Four ‘tensions’ for personalised medicine to ease

| September 4, 2015 | 0 Comments

long-termBy European Alliance for Personalised Medicine Executive Director Denis Horgan

In the world of health care, personalised medicine is gaining ground at a grass-roots level among health-care providers and, indeed, among patients too. But there are still plenty of barriers, or ‘tensions’. Many common, chronic diseases are progressive in nature, some of whose progression can be slowed or stopped by appropriate care before they go too far to be effectively treated. Obviously, a progressive disease does the patient no good whatsoever, and such a state of affairs is also   expensive down the line, as more intensive treatment will be necessary.  

It’s true that effective preventive care also costs money, but this sum often adds up to much less than allowing the disease to progress.  Healthcare professionals (HCPs) are normally paid to undertake specific services. This gives them an incentive to perform more services for which they will be reimbursed by health services or the patient’s private health plans. There is less of an incentive to perform the right service, however.  The Brussels-based European Alliance for Personalised Medicine (EAPM) works on the ethos of giving the right treatment to the right patient at the right time. It believes that there should be incentives for HCPs to do the job appropriately as Europe should be paying to keep patients healthy instead of paying for treatments that do not necessarily achieve this.  In Europe today, there are often circumstances in which some patients receive better care than others.

This could be down to which member state they live in or even in which region of a member state they have their home. Here are some of the ‘tensions’:

Guideline fatigue 

Of course there are Europe-wide guidelines which, individually, may be excellent. But the huge amount of such guidelines can create its own problems and in an ideal world it should be the case that HCPs compare the benefit of the guideline against the potential harm adopting it may be doing. This because implementing the guideline could move HCPs away from potentially more important jobs. It turns out that the best HCPs are not necessarily those who doggedly follow each one, but are more likely to be those who prioritise their time, with a view to working on a patient-by-patient individualized basis. Training in up-to-date methods is vital.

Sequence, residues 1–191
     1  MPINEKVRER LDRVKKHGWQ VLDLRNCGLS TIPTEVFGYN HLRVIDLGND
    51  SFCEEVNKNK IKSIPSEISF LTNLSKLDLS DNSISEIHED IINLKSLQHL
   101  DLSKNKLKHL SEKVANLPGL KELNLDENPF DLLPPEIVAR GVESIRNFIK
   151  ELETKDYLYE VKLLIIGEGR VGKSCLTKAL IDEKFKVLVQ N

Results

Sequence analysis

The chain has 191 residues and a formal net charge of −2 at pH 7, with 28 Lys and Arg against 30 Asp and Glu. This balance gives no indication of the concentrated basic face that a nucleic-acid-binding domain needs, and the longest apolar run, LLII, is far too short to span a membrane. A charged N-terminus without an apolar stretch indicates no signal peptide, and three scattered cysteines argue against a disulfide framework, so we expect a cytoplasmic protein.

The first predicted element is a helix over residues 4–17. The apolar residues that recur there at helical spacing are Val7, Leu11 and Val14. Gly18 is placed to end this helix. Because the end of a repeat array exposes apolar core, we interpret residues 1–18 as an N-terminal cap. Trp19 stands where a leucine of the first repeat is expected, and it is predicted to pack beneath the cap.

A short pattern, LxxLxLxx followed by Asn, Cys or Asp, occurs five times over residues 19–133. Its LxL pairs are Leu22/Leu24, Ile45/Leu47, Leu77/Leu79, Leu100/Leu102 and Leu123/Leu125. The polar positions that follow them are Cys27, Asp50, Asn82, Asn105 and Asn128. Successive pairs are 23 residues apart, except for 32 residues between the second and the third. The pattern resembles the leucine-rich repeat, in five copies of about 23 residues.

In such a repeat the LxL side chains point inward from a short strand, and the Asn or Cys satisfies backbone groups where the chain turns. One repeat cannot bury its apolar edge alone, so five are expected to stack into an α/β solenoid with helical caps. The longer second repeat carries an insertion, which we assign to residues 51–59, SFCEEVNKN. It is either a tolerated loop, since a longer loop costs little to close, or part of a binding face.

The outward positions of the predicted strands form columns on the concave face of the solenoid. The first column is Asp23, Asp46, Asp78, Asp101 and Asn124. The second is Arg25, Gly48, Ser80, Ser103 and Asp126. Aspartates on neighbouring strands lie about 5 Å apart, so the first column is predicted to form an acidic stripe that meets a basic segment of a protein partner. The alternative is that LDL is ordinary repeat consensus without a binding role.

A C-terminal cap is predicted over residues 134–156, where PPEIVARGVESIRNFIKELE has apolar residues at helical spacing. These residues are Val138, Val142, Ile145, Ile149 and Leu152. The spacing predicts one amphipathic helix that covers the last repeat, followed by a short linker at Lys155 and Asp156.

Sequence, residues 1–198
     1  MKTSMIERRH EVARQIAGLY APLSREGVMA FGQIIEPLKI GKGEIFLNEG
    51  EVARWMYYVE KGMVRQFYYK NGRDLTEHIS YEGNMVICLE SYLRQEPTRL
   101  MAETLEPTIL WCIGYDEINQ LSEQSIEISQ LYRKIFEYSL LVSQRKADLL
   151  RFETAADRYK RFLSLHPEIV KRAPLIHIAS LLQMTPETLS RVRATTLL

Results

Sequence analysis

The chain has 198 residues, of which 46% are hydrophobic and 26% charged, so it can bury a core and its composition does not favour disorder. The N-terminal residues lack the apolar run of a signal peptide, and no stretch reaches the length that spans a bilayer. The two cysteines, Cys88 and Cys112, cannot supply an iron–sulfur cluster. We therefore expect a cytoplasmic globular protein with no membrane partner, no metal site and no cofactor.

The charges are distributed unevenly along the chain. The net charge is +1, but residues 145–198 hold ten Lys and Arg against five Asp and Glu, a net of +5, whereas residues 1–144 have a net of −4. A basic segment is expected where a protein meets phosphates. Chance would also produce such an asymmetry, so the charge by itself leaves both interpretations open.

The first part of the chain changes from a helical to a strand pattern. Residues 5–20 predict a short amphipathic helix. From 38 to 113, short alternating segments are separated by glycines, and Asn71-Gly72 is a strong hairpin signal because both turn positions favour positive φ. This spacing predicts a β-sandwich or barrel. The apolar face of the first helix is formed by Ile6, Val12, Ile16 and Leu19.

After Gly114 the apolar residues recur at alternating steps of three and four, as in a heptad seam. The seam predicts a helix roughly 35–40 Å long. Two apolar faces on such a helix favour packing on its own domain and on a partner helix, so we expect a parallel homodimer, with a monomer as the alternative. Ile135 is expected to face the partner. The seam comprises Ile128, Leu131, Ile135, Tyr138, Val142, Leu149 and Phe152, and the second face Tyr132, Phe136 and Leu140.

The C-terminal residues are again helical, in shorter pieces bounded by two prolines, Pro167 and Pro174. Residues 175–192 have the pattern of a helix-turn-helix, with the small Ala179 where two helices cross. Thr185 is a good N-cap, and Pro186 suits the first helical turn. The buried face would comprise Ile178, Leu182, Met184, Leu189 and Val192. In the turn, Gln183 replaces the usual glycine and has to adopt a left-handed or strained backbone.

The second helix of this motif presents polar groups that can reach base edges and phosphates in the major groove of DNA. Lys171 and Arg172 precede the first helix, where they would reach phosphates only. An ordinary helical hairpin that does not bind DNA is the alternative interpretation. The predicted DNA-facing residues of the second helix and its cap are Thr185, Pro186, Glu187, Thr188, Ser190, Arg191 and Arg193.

Patient power 

Modern-day patients want empowerment, and to have their illnesses and the treatment options explained   in a transparent, understandable yet non-patronizing manner to allow them to become involved in shared decision-making.  They want to own – and have unreserved access to – their own medical data as well as greater access to clinical trials and cross-border treatments that could improve their lives and, in some cases, save them.

Current thinking suggests that as more patients demand data, it will start to flow more and more, and one would expect that any individual clinic offering better access for the patient’ to his or her own data will attract more ‘business’ with patients preferring to be treated there. EAPM believes that this information   flow should also involve access to any raw DNA sequencing. Unfortunately, that is not yet the case in the EU.

End-of-life care 

There is a growing perception today in Europe that patients often receive more care than they actually want. A step-up in doctor-patient dialogue should lead to end-of-life care that is much more matched to what the patient actually wants.  But this doesn’t mean giving less care than is needed, especially for financial reasons. Although it is true that more money is spent at the end of a person’s life, patients shouldn’t be bundled into a hospice instead of being given what may often be intensive and aggressive treatments. Less care for the ill in the end-of-life scenario would have a pretty positive effect cash-wise, but it should be the patient’s choice and not that of a provider trying to save money. An over-arching requirement is that patients must be able to trust their doctor to be focused totally on agreeing the best treatment through joint decision-making.

Policy engagement 

Overall, what is required to further the goals of personalised medicine is a great deal more policy engagement, which ultimately means getting politicians and civil servants to understand the value and  societal benefits of personalised medicine in an EU of 28 Member States and an ageing population of 500 million. On top of this, there should be a multi-stakeholder mentality and increased collaboration, not only between those in the same discipline but also between disciplines. With all of the above in place, the goal of a healthier and, thus, wealthier Europe will be easier to reach. And that will only be good news for the EU’s patients and potential patients now and well into the future.


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Category: A Frontpage, EU, European Alliance for Personalised Medicine, Health, Personalised medicine

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